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The Weekly Consensus

Ideas, observations, and news on the consumer products and retail industries
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The Weekly Consensus – June 19, 2017 (Volume 9, Number 24)

The Big Story
Coming Soon to You, a Pop-Up
Billy Busko

On Memorial Day Weekend 2004, I was visiting the Hamptons, where outlandish sightings are common.  But I was particularly struck by a handsome house in town that had a large red bullseye painted on the front – Target style.  Intrigued, I approached the building, and, indeed, it had been converted into a Target store.  On July 4th, the building remained, but the store was gone.  I assumed that Target was too low-end for the Hamptons and that the store closed because of a lack of business.  Not so – I later found out that Target had previously opened other New York stores in Tribeca and Rockefeller Center and on a boat docked along the Hudson River, all intentionally opened for only one month.

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The Weekly Consensus – June 12, 2017 (Volume 9, Number 23)

The Big Story
The Last Merchant Prince
Paul Alexander, CFA

When Mickey Drexler announced his retirement last week, a number of industry observers called it “the end of an era.” Most people making this statement were referring to the longevity and influence of Drexler’s career, the highlights of which include building The Gap and Old Navy into household names, and making J.Crew one of the most popular brands of the early 2000’s – successes that earned him the moniker “the merchant prince.” However, his retirement may also be viewed as a metaphor for the changing complexion of retail leadership, and the end of an era for the industry as a whole.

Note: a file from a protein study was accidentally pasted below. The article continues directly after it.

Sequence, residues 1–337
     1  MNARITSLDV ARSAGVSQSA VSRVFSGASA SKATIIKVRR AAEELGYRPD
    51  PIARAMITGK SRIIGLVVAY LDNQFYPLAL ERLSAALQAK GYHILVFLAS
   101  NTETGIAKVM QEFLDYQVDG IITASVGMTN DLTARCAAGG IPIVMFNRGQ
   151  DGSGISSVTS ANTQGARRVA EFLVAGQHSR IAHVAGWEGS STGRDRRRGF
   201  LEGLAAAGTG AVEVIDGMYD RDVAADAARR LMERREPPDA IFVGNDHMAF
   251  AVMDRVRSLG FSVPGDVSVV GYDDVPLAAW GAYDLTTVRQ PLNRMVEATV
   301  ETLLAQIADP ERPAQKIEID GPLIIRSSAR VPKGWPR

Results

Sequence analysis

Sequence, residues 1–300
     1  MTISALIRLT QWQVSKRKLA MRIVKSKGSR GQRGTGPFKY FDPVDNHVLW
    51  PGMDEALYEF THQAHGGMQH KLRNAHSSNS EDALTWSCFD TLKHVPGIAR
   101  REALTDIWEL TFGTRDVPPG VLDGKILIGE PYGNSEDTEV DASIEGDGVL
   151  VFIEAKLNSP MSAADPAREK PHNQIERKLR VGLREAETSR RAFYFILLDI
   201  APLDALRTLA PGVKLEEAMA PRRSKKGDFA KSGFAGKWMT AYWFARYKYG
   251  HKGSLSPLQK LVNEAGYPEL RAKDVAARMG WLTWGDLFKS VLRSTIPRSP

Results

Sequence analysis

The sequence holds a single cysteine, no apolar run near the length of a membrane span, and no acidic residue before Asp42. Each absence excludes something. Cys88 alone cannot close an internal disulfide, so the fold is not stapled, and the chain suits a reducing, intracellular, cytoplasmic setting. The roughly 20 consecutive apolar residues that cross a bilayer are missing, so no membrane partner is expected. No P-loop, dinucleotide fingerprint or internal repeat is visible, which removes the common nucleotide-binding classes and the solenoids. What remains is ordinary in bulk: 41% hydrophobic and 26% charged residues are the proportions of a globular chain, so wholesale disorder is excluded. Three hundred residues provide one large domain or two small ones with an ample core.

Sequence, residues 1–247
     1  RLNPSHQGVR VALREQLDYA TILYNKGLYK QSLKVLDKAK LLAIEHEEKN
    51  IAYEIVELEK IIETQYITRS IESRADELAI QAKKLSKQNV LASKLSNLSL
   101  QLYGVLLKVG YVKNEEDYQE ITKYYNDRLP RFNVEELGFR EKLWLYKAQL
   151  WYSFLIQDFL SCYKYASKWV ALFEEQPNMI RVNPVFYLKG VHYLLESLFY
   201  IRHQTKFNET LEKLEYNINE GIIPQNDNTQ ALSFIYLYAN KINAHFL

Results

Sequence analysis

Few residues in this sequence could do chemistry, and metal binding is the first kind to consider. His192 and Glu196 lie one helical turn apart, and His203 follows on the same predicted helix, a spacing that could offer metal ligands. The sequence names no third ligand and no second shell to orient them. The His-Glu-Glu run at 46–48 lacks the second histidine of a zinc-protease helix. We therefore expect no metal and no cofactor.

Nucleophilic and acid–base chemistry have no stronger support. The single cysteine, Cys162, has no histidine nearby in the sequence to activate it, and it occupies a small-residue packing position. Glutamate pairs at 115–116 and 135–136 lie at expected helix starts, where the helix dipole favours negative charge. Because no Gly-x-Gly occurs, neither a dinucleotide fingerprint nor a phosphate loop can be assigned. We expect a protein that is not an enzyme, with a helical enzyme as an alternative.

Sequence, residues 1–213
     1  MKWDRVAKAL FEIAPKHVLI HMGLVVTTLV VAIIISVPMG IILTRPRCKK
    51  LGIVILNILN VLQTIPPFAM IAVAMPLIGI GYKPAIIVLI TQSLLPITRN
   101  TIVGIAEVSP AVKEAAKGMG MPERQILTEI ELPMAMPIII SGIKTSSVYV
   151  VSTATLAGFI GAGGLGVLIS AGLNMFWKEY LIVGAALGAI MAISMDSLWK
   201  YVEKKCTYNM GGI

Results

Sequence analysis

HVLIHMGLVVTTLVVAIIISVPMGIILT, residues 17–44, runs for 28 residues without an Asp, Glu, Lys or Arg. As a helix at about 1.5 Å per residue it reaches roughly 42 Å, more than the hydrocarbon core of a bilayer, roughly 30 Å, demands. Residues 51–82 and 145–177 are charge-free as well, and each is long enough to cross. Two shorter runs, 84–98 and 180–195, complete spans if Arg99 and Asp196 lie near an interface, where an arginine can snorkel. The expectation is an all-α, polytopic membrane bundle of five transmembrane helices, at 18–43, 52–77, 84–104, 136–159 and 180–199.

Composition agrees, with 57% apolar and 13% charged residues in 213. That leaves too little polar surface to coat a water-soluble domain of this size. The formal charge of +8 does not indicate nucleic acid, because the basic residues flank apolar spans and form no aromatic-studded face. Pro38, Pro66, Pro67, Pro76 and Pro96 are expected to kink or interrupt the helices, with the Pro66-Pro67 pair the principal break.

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The Weekly Consensus – June 5, 2017 (Volume 9, Number 22)

The Big Story
Giving and Taking Credit
Mark Lenz

As part of its recent first quarter earnings announcement, Signet Group (the retail jewelry stalwart and parent company of Kay, Zale, and Jared) reported that it will outsource its customer credit business.  Signet’s customer credit program has provided a competitive advantage for the company over the years, but it has come under increasing pressure from investors in recent months.  There are perceived balance sheet benefits related to outsourcing, and additionally, questions have begun to mount about whether Signet has been recognizing bad debts in a timely manner (due to its approach to evaluation).  Outsourcing should address each of these concerns, but it could also have drawbacks.

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The Weekly Consensus – May 22, 2017 (Volume 9, Number 21)

The Big Story
Big Blowhard Brand
Doug Stebbins

There is a big difference between a label and a brand.  Virtually every product has label.  But just because a product has a colorful logo does not mean it is brand.  A brand has meaning to the consumer.  A strong, established brand is able to create a specific perception in customers’ minds concerning a product’s qualities and attributes. Creating a brand can be time-consuming and expensive, and the results are unpredictable.  Many products try to accelerate the brand development process by aligning with a celebrity and hoping that the attributes of the celebrity rub off on the product in the minds of consumers.  But, what happens when the process is reversed, and a brand is developed to create a celebrity?  That is exactly what is happening with Big Baller Brand.